I suppose this might be a parable but it's not.
Up at the Skunk Works North Campus, one of our drainage swales* has decided to become a full-time watercourse, a freshet with a real current'n'everything.
I've watched this happen all Spring and Summer. My visits there are short and focused, so I'd not had a chance to take a closer look until very recently; I had to walk the lane a few days ago and in the process, discovered rust-brown is the in paint-job for dragonflies this year, though a few of the old-style periwinkle blue models are still flying. Ah, fashion!
As I got closer to the widest spot in the tiny stream, I heard a brief commotion, a stirring, followed by eep! Splash! Eeep, eep...splash-splash! What on earth--? I thought, just as the last tiny frog turned from a blot to a blur to a splash to a trail of bubbles, so fast I barely had time to register the frog-ness of the critter and I'm still not sure what color they are.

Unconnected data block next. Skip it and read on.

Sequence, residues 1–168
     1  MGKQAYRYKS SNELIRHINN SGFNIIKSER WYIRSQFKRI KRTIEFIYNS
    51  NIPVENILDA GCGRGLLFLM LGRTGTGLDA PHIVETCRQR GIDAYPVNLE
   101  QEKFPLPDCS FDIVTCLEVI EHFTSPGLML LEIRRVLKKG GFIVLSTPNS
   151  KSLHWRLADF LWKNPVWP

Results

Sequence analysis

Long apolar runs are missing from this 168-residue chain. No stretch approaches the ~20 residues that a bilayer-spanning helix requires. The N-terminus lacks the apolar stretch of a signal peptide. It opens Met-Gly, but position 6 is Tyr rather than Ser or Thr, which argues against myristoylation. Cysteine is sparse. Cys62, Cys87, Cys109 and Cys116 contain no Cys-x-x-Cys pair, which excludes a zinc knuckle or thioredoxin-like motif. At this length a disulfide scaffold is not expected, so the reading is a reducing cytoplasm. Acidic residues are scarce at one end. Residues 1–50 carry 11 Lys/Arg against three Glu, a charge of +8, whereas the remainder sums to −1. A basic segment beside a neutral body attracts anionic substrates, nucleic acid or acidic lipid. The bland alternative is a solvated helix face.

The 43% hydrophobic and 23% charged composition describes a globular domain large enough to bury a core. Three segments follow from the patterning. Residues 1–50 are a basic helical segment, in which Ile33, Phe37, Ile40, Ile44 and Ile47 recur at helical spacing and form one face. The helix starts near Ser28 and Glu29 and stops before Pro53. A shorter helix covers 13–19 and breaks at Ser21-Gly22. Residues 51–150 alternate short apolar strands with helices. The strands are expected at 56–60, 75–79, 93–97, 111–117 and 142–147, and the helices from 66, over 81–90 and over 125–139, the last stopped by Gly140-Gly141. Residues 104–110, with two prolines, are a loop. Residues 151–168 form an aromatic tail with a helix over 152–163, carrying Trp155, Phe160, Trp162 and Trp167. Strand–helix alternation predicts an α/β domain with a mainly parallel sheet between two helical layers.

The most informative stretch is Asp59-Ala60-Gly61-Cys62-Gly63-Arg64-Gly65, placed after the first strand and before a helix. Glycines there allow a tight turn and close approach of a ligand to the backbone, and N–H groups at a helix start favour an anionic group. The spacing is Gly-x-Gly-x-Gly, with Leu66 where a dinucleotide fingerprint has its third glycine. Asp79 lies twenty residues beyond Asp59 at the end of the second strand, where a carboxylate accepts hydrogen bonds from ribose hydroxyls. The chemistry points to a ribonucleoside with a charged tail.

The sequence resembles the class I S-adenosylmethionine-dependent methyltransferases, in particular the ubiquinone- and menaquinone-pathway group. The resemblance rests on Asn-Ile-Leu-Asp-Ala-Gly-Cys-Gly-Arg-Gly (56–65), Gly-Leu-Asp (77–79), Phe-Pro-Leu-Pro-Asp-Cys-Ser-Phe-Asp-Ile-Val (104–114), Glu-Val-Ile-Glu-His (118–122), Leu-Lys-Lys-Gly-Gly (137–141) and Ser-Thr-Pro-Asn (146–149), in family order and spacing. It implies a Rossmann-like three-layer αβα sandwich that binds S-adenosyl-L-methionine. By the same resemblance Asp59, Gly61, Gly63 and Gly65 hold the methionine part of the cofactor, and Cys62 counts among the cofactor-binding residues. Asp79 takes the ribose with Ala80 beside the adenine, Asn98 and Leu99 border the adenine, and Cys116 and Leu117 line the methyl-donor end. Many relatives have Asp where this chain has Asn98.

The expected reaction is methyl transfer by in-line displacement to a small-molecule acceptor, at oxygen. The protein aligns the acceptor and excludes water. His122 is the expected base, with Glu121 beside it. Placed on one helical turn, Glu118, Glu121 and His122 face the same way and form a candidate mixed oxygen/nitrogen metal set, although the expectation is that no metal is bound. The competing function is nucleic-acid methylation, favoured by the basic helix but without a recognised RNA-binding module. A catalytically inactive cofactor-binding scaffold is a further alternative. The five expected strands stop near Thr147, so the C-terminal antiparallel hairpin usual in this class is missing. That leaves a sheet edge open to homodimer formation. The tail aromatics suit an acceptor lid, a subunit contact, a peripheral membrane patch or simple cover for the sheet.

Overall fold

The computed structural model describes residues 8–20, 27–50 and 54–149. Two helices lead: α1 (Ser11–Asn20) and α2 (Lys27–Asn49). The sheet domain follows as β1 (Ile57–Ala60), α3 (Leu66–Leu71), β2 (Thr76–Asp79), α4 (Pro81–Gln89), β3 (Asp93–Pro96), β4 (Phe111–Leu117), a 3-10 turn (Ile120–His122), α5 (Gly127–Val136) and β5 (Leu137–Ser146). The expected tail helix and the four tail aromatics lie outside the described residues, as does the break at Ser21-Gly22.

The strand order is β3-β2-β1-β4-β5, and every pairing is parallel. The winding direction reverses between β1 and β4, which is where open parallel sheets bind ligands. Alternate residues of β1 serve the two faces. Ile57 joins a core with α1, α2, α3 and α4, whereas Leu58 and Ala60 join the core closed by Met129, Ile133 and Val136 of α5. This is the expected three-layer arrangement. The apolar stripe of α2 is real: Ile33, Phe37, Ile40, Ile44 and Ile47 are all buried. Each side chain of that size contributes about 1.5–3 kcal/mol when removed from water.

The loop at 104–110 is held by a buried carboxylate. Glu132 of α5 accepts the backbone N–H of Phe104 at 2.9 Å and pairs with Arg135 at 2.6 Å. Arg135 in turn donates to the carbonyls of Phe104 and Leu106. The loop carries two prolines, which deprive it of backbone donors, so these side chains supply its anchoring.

On my return trip five minutes later, nothin' but crickets (metaphoricaly, that is. Actually, dragonflies). When I left at the end of my day, I stopped and walked down and the earlier performance repeated itself: eeep! Splash! as they ducked for cover. I studied the scene for a few minutes and recognized one folded hind leg at the edge of a mass of algae; taking a long weed stem, I probed and lifted the greenish goo and was rewarded with an annoyed-looking greeny-grey frog swimming madly for deeper cover.
I have never seen frogs quite so timid. On the drive home, I thought about it and realized the wide spot is under a guy wire for the 1000' tower that graces the site -- and is itself often graced by red-tailed hawks. It seems possible that what I'm seeing is the last remnant of a larger population, a corporal's guard composed of the quickest and most suspicious of the lot, culled by the hawks.
Or maybe they're just all that shy. Eeep! Splash!
I'm gonna go hide under a rock for a few hours and think about it.
* Another ordinary word spellcheck wants nothing to do with. Or with which to do. Eep!
W9BSP: A HAM'S HAM, A TEACHER'S TEACHER
3 weeks ago